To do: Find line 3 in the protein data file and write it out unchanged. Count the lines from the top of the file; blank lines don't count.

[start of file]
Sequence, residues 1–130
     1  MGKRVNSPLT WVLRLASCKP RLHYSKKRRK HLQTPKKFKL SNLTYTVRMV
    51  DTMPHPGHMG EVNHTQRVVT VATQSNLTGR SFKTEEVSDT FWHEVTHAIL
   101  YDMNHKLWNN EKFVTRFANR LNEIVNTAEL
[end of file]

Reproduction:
    51  DTMPHPGHMG EVNHTQRVVT VATQSNLTGR SFKTEEVSDT FWHEVTHAIL